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BioNTech investor, amid worry over shortage, vows vaccines to be delivered for second shot

·1 min read
Opening day of six COVID-19 vaccination centers in the state of Hesse

FRANKFURT (Reuters) - European countries should use all available vaccine doses provided by biotech firm BioNTech and its partner Pfizer because there will be enough for the requisite second booster shot due to a planned production ramp-up, BioNTech's largest investor said.

Some countries were believed to be withholding some vaccines for fear of a shortage for the required second dose, meant to be administered three weeks after the first vaccination.

Pfizer said last week it would have to reduce deliveries of the shots to Europe until early February in order to upgrade production capacity for a later output boost.

Speaking in an interview with monthly Manager Magazin, the managing director of the investment vehicle of biotech investors Thomas and Andreas Struengmann, who hold about half the shares in BioNTech, said Denmark was taking the delivery cuts in its stride and was not withholding any volumes for the second booster dose of the two-shot regimen.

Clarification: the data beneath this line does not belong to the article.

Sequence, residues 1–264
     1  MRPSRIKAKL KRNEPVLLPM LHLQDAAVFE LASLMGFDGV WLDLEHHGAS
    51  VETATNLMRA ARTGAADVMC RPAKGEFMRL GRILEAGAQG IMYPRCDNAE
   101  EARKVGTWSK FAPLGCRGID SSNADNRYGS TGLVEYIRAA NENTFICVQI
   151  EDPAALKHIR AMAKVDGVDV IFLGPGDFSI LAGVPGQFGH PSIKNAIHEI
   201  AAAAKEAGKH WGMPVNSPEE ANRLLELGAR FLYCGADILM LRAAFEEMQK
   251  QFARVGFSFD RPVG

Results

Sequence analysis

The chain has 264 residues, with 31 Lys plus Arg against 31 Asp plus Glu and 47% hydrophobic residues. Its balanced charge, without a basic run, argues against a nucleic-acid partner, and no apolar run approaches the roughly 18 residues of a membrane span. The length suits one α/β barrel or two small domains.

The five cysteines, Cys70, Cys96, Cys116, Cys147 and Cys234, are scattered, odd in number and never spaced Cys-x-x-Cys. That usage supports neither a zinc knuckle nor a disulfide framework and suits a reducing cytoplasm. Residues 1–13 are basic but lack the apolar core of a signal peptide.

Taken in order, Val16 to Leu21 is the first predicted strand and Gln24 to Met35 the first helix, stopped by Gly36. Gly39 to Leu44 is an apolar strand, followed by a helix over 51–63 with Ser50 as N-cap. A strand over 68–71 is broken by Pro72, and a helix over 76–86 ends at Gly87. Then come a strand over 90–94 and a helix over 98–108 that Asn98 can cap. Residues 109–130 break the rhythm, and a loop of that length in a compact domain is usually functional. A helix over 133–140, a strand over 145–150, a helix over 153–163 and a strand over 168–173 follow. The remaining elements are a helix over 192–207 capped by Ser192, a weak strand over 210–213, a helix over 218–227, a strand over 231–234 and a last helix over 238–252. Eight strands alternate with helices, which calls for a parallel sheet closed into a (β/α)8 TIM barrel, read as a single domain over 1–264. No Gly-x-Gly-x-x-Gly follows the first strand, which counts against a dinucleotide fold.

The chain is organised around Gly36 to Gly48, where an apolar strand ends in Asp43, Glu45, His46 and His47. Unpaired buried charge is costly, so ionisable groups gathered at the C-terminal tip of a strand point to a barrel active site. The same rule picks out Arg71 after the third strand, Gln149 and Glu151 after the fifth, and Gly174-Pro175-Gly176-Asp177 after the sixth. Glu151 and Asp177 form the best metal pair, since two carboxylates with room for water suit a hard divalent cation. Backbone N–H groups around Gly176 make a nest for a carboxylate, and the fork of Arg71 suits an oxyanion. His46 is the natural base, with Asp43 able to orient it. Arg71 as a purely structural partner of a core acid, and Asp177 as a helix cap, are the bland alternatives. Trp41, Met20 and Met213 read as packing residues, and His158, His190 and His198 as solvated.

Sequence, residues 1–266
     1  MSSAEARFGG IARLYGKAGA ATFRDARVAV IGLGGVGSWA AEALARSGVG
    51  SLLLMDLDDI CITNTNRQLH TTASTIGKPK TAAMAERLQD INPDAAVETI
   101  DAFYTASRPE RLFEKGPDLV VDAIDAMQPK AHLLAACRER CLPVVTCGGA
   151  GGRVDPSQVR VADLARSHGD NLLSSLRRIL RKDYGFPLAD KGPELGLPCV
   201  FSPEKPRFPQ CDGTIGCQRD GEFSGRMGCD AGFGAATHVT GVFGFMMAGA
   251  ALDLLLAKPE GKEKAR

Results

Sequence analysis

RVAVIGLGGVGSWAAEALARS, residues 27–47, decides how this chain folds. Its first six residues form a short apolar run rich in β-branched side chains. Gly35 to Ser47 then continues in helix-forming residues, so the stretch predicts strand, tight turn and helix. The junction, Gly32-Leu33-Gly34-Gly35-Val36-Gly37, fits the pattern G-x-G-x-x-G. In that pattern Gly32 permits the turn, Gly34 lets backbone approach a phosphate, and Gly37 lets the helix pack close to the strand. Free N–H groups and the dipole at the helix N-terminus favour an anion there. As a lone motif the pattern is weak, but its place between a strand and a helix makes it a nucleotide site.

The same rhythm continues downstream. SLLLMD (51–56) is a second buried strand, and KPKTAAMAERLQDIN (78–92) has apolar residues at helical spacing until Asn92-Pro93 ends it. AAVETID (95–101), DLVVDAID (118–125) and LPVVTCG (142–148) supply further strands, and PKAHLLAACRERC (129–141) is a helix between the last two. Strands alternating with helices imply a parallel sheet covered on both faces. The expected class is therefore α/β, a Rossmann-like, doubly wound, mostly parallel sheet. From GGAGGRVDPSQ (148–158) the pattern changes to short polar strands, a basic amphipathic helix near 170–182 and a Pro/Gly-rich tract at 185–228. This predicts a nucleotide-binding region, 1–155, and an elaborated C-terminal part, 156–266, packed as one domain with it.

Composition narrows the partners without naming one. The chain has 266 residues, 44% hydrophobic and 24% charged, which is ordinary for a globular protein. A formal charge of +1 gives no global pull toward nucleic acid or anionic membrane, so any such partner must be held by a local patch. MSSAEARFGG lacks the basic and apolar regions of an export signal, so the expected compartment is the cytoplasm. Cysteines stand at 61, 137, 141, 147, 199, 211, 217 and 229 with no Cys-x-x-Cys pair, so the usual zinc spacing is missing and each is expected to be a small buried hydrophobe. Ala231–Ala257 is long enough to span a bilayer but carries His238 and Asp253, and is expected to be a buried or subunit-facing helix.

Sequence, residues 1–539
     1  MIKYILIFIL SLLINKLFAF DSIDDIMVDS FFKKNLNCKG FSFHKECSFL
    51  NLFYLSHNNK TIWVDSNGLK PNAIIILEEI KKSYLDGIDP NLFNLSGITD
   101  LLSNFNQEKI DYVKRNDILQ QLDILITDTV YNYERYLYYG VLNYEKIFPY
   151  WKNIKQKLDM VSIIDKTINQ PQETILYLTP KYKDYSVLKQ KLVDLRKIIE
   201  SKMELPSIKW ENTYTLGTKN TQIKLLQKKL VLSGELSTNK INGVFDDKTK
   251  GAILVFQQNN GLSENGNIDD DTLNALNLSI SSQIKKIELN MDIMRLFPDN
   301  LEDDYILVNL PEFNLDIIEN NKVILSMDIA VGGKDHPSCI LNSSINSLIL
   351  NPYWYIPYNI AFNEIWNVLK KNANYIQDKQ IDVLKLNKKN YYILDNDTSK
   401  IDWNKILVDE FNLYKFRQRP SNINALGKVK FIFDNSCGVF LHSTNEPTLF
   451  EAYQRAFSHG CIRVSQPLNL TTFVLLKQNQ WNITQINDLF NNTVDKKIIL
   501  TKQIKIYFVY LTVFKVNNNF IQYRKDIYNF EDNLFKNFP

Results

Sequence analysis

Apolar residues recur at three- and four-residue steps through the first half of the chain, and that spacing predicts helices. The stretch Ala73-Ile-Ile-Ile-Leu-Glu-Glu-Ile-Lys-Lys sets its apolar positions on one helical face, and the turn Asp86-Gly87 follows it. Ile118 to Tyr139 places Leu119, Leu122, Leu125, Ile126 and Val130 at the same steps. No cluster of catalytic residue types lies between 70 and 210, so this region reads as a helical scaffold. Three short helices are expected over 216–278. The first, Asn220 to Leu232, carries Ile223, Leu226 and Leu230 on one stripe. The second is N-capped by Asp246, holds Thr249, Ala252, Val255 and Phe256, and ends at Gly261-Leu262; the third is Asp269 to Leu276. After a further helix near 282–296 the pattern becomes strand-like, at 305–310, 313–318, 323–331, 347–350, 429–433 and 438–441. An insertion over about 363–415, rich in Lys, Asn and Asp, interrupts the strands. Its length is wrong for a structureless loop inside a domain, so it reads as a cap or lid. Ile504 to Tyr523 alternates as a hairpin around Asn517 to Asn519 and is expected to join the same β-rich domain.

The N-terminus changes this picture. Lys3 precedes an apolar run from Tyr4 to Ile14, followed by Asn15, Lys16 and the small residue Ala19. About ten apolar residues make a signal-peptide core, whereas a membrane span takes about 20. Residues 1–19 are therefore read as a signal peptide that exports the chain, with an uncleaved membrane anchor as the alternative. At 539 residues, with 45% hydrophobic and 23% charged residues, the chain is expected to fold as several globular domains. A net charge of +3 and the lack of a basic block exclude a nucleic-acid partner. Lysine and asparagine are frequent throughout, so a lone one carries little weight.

"Denmark, for example, is being a role model," said Helmut Jeggle, head of the Struengmann brothers' holding company Athos, told the magazine, when asked why Europe was falling behind in its vaccination campaign.

He said in parts of Germany, half of the apportioned vaccine doses were stored to reserve a booster shot for every recipient of the first shot within the prescribed three-week interval.

"That degree of stock keeping is not necessary because we will do everything to really deliver the committed volumes in the first quarter, irrespective of some hiccups at the Belgian site in Puurs for one or two week," Jeggle was quoted as saying.

($1 = 0.8243 euros)

(Reporting by Ludwig Burger; Editing by Bernadette Baum)